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Ice-minus Bacteria ( P. Syringae) - Frost-fighting Superman?

BY: Lakshmi K Sugavanam | Category: Applications | Submitted: 2011-04-12 18:50:15
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Article Summary: "Recombinant DNA techniques have allowed the creating and introduction of Pseudomonas syringae mutants that help avoid crop losses due to frost damage..."

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The nature of agriculture and crop development is such that the weather plays a very important role in the success or failure of a season's harvest. In regions that have very cold climates, frost can be a hindrance to a successful crop. It has been estimated that frost alone accounts for crop losses of about approximately $1 billion in the United States. Pseudomonas syringae, a commonly occurring bacterium, is present on leaves and other plant surfaces. It has a peculiar ice-nucleating character which allows the formation of frost which, in turn, damages the plant. It achieves this by the production of an ice nucleation active protein or ice-plus protein. It is generally found to be produced on the outer cell wall of P. syringae, where it acts as ice nucleating centers. Since it allows ice to be formed, it has derived the name 'ice-plus' P. syringae.

A variant of the Pseudomonas syringae is known as ice-minus bacteria. This variant is cannot produce the protein that is produced by P. syringae as it is a mutant that does not have the gene for ice-nucleation. Hence, it does not allow ice formation and has been named 'ice-minus' bacteria.

Both ice-plus and ice-minus strains can be found in nature. However, genetic engineering has allowed the gene to be altered in an ice-plus strain so that the protein is not produced. This makes the environment unfavorable for the formation of ice. It was hypothesized that introducing ice-minus strain in plants that are infected by ice-plus strains, will induce competition between them. Irrespective of which strain is able to establish itself on the plant, the effect of the ice-plus strain will be greatly reduced, thus improving crop yield.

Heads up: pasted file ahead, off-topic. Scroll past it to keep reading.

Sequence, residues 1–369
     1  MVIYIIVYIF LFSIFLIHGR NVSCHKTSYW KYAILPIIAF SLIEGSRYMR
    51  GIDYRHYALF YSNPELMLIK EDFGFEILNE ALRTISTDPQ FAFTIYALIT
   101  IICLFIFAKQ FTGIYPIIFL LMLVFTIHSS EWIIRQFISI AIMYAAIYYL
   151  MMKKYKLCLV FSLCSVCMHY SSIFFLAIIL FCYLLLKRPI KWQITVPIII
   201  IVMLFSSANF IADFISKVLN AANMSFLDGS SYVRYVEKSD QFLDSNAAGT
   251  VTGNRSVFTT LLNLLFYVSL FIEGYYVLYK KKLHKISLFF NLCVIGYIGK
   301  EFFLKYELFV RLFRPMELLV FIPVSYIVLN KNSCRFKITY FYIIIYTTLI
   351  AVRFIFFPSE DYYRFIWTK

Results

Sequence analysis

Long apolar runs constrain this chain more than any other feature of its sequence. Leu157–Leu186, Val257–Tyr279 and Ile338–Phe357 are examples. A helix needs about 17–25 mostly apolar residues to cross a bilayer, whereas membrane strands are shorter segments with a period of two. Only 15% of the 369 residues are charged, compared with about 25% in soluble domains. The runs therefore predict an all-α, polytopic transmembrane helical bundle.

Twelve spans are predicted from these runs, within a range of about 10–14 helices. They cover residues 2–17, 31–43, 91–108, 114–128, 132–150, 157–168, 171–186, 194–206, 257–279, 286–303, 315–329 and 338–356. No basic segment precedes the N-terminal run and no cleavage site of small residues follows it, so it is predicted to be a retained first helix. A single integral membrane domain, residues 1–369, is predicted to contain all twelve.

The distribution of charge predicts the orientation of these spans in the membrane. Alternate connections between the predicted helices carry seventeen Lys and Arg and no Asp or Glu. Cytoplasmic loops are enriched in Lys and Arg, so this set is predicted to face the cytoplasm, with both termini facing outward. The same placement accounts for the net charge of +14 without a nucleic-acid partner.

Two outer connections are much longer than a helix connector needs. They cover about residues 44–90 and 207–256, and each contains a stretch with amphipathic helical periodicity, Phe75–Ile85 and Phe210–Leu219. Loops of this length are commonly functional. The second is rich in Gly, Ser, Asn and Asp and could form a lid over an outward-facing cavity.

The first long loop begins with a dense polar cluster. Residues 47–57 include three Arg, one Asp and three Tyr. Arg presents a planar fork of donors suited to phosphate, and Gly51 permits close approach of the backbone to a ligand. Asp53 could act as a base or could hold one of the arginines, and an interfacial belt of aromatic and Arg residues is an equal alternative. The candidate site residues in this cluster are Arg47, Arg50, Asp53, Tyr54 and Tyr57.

Hoppe was among the first to show that bacteria were related to frost damage. His study involved applying ground infected corn leaves to healthy corn plants. A sudden frost led to a serendipitous discovery- the plants that were treated with the infected powder were the only ones to suffer from frost damage; the rest were healthy. But, the reason behind this occurrence was not explored in detail. Later, in the early 1970s, Arny and Upper found the bacterium responsible for the frost. Lindow identified it and discovered that the plants exposed to these bacteria suffered frost damage. He also discovered the ice nucleation property and later on, developed the mutant ice-minus strain by genetic engineering.

It was in the year 1987 that the effectiveness of P. syringae in frost damge prevention was field tested. A strawberry field was sprayed with the ice minus strain before frost and the results obtained were almost successful ( a part of the field was burnt down by environmental activists). However, Lindow's experiment on a potato crop was a success. The ice minus strain on P. syringae prevented the frost damage of the potato crop.

The genetic engineering of the P. syringae ice minus strain involves the following steps- The ice nucleating gene is first isolated and amplified. It is then deactivated and introduced back in to the bacteria. The detailed process followed involves the isolation of P. syringae DNA followed by its restriction digestion with restriction endonucleases. Then, random insertion of the DNA fragments is carried out where the fragments may insert at different places in the plasmid, allowing for many variants to be created.

These recombinant plasmids are inserted into E. coli thus transforming them. Then, of these transformed E. coli, the recombinant strains containing the ice nucleating gene are identified. These will possess the property of ice-nucleation and thus be ice-plus phenotype. Then, the ice nucleating gene is identified and amplified by polymerase chain reaction. Then, DNA is subjected to mutagenic agents like UV light to create mutant of the ice-plus gene, thus creating the ice-minus mutant. This gene is then inserted into a plasmid and transformed into E. coli. The recombinant mutant ice-minus strains are identified and the gene is inserted into an ice-plus P. syringae, which creates the mutant ice-minus strain that can be introduced on crops.

Genetic engineering of P. syringae is feared to have a negative effect on the climate. It has been shown that the ice nucleation proteins may have some effect on the formation of ice crystals in clouds. The introduction of genetically modified ice-minus strain may affect the process of rain formation.

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